The ultimate holding company in the Corbin & King group (the parent company) was funded by a secured lender through two loan facilities (the loan), the second of which included acceleration provisions. The loan was guaranteed by two intermediate holding companies and eight operating or ‘asset owning’ restaurant businesses within the group (the OpCos). Those guarantees were secured by a debenture granted by each of the operating companies to the lender.

The parent company did not repay the loan when it fell due and the lender made demand for repayment. As soon as this demand was made, an offer was received from an investment fund to acquire the interests in the parent and the OpCos for a sum equal to the amount of the loan. However, this offer was refused.

On 20 January 2022 each of the OpCos entered into a moratorium process and, the following day, the lender made demand of each of the OpCos under their guarantees. This made the OpCos immediately liable to pay approximately £34 million to the lender.

On 25 January 2022 the lender appointed administrators over the parent.

The following day the fund made an offer to the administrators of the parent to buy the parent’s interests in the OpCos for a sum at least equal to the outstanding group debt. When the lender learned of this offer, it notified the administrators that if they accepted the offer, it would bring claims against the administrators personally.

On 28 January 2022 the lender applied to the court for orders terminating the moratoria of the OpCos on the basis that the failure of the monitors to terminate the moratoria had unfairly harmed its interests.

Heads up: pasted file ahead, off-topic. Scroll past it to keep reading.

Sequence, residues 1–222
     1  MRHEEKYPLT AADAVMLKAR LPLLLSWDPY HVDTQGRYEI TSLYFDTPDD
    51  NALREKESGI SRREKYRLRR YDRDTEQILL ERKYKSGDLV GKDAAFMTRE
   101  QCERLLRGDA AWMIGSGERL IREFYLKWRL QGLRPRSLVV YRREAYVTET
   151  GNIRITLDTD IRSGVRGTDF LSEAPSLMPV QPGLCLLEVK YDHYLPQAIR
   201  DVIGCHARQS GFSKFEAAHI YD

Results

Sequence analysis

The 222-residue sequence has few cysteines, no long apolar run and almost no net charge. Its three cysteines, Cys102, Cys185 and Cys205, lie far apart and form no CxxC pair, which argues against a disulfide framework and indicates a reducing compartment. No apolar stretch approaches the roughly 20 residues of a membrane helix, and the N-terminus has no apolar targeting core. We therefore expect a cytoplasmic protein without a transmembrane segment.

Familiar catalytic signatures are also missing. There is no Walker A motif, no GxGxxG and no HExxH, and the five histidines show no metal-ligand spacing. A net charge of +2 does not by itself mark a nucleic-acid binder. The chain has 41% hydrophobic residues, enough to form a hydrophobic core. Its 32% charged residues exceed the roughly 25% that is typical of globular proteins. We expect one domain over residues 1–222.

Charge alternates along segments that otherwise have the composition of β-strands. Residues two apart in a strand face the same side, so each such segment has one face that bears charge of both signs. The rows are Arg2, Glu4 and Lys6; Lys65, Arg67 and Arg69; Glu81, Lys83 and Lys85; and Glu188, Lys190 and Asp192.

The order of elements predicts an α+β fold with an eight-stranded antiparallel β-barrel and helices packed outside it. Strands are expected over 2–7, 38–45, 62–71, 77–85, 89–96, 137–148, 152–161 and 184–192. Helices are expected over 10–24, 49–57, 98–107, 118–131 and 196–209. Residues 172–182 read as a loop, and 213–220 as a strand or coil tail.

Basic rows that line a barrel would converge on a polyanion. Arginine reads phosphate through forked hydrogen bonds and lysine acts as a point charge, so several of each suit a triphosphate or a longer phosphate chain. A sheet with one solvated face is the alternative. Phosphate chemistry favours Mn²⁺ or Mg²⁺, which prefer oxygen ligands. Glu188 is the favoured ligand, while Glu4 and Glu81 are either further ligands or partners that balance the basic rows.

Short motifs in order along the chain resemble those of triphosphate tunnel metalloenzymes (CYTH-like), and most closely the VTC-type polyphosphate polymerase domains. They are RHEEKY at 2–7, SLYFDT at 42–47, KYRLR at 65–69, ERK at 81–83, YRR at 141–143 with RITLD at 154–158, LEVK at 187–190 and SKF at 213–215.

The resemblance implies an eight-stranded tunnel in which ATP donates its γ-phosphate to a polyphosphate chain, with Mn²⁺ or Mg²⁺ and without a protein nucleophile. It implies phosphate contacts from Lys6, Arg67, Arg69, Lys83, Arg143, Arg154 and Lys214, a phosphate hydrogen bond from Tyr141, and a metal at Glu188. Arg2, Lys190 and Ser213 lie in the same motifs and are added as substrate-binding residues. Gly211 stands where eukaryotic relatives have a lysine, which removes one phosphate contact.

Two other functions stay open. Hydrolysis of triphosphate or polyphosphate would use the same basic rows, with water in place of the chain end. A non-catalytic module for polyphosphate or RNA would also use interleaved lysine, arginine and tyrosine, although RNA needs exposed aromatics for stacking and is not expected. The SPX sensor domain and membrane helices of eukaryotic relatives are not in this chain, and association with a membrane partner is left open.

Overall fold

On 3 February 2022, the fund revised its offer such that it consisted of a time-limited cash offer of £45m for the parent’s interests in the OpCos and, crucially, a separate interim funding arrangement under which the fund would refinance the loan which would allow the OpCos’ payment obligations under the guarantees in favour of the lender to be released.

On 4 February 2022, the court hearing of the lender’s application took place.

The court’s decision

The monitors did not terminate the moratoria because they thought that the OpCos were able to pay the debts due to the lender under the guarantees. The test applied by the court was whether such ‘thinking’ was in bad faith or produced a result that was clearly perverse in the sense that no reasonable monitor could have reached it and was therefore irrational.

It was agreed by the parties that there was no bad faith on the part of the monitors, but the lender argued that the monitors’ thinking was irrational.

In deciding whether the OpCos were able to pay, the court said that a flexible and commercially realistic approach should be adopted taking into account the circumstances as a whole, including the prospect that the fund’s offers could allow the parent to repay the loan and therefore release the OpCos of their debts under the guarantees.

The court said that the OpCos would be considered able to pay their debts under the guarantees if one of three scenarios applied: